A prime beneficiary is the European subsidiary of Seattle-headquartered online travel agency Expedia. Its share of the holidays market in Western Europe is just 2.6 per cent compared with Tui’s 13.8 per cent. But it is growing fast. Together, online-only operators and low-cost airlines are disrupting the business model of traditional package companies, according to Andy Washington, managing director of Expedia for the U.K. and Ireland: “They have higher risks than us because they contract or own aircraft they need to fill. And while they often start with a low price for a holiday, raising it closer to departure, flights on low-cost airlines are priced the other way.”
The result is a trend for last-minute, online bargain-hunting by customers that further squeezes the slim margins of traditional holiday companies.
“If you don’t differentiate your product, you will be hit on price because of the transparency of the Web,” says Peter Long, chief executive officer of Tui Travel. The company now books a third of its business online. It has been more effective in protecting profit margins by developing a more up-market product range than Thomas Cook has. This includes “holiday villages” – hotels with sport and entertainment for all ages.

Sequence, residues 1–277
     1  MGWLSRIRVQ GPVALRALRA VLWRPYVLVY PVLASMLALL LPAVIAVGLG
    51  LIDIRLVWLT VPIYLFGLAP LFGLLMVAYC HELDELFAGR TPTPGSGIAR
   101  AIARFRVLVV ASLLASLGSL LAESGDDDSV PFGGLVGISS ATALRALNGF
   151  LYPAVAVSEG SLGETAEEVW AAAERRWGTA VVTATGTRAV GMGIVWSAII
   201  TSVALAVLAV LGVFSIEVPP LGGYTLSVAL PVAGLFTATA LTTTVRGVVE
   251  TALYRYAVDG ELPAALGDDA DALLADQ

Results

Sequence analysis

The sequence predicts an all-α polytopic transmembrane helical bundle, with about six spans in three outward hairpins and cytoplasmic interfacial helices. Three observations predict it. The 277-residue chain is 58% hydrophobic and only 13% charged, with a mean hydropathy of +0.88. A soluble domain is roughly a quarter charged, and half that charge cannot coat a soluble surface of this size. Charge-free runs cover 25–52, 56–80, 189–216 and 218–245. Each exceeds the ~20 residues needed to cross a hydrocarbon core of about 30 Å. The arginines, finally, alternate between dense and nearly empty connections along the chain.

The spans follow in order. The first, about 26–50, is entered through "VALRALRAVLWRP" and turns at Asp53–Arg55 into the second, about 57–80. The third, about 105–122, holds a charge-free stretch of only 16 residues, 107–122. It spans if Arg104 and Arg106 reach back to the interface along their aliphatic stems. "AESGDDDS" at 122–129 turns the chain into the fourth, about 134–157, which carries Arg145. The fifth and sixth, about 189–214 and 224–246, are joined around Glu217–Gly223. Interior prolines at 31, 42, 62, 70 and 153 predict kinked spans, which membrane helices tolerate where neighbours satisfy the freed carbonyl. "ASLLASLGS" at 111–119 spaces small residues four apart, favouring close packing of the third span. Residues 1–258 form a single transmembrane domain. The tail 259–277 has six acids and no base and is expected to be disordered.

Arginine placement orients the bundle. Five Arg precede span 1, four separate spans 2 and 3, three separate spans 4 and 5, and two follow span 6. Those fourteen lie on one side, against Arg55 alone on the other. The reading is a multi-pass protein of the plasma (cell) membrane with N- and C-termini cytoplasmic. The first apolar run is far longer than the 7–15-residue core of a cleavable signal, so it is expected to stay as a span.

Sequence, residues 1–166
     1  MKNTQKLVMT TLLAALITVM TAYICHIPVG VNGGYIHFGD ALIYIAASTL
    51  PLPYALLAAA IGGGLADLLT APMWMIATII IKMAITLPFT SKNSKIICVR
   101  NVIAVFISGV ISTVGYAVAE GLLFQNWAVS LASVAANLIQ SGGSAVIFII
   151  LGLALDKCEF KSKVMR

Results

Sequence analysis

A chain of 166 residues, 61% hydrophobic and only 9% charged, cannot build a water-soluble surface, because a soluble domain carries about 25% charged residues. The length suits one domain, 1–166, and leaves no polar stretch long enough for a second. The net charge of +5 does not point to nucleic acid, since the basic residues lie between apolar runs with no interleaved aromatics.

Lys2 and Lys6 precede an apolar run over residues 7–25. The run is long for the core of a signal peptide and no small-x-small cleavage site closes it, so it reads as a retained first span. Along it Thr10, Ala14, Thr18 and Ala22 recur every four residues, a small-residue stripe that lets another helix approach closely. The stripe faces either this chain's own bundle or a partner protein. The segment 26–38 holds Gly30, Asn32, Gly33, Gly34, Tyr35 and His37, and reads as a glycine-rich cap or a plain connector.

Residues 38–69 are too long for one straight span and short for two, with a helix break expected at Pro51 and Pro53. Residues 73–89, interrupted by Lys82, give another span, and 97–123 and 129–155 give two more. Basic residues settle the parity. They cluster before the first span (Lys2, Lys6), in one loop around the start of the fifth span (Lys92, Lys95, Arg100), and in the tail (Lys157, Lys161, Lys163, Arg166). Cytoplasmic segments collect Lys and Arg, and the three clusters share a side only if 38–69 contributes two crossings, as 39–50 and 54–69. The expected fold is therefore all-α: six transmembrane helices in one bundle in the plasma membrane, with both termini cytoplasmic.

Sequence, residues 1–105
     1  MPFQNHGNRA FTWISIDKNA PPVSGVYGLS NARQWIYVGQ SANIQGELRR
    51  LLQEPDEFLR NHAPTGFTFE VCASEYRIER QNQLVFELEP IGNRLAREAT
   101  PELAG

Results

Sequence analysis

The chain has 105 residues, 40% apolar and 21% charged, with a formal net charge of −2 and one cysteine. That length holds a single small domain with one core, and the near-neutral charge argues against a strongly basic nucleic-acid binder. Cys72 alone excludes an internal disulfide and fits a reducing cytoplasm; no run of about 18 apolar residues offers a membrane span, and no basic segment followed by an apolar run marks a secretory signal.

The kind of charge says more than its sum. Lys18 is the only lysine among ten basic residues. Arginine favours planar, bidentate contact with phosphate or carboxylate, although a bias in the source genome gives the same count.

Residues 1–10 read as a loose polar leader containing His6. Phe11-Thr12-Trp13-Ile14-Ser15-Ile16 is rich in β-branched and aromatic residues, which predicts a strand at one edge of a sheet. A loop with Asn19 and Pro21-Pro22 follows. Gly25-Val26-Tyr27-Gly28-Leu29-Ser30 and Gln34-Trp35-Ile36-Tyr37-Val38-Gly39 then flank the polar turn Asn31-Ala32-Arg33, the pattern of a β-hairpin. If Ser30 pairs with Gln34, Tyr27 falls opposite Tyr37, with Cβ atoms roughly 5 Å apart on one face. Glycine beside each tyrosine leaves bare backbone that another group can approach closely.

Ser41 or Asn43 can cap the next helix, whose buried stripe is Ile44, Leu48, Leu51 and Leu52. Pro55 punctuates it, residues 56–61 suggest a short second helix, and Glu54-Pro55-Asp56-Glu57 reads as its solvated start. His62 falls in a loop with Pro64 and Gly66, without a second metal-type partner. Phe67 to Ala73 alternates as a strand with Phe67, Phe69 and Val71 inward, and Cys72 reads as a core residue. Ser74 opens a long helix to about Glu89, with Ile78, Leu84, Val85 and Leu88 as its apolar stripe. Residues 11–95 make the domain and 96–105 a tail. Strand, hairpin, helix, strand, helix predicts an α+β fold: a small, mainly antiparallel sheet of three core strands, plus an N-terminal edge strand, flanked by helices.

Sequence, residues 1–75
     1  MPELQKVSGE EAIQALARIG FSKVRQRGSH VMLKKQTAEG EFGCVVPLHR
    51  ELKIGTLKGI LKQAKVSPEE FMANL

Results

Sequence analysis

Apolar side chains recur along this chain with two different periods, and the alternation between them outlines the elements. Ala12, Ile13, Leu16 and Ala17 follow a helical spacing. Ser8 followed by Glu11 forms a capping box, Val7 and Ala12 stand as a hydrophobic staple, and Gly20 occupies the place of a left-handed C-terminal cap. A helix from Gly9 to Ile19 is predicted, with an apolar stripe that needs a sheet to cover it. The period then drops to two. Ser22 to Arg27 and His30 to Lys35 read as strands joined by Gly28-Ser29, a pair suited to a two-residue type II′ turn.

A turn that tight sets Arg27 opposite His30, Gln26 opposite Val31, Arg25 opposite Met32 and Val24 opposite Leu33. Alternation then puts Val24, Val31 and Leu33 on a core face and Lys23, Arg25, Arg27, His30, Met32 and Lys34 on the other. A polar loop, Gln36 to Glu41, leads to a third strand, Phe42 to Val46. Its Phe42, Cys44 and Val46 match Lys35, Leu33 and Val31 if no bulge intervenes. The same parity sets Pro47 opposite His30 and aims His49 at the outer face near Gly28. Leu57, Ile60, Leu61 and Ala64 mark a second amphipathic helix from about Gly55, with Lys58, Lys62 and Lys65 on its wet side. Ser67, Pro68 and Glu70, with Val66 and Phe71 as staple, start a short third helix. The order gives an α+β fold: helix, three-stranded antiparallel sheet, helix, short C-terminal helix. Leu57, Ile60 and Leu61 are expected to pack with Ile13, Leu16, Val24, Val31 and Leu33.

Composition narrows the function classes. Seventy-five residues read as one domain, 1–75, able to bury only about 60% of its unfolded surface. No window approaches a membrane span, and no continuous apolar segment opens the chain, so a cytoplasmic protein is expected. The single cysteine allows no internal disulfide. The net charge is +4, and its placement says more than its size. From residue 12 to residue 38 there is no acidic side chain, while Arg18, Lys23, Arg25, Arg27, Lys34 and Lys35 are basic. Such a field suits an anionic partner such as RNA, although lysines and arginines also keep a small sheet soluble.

Both Tui and Thomas Cook aim to whittle down sprawling bricks-and-mortar store estates as lease renewals come due. But banks are likely to demand far more radical retrenchment at Thomas Cook. “There aren’t many options left for Thomas Cook apart from dramatically shrinking the business,” says Karl Burns, an analyst with investment bank Shore Capital. Auctions to raise £200-million from selling Spanish hotels and a stake in the U.K.’s air traffic control body are only the start. Condor, a German airline, and a lucrative Scandinavian business valued at more than £500-million, could also be hived off.
Changing lifestyles, globalization and new technology have a habit of destroying consumer businesses backed by historic brands. Examples include the U.K. high-street retailer Woolworths, which closed in 2009, and tableware company Waterford Wedgwood, which collapsed into administration the same year.
The raison d’être of traditional package holiday companies is under attack too. What could prove to be their saving grace are their economies of scale in purchasing airline and hotel capacity.
That would be familiar to the original Mr. Thomas Cook, who started in the travel business buying rail tickets cheaply in bulk and selling them a little more dearly to day-trippers. The company he founded has a fair chance of survival, albeit in a diminished form. But its recent woes are a reminder of the perils of complacency within a long-established company. Hard to imagine that Mr. Cook, immortalized as a grim-faced statue outside Leicester station, would have bungled matters as badly as his successors.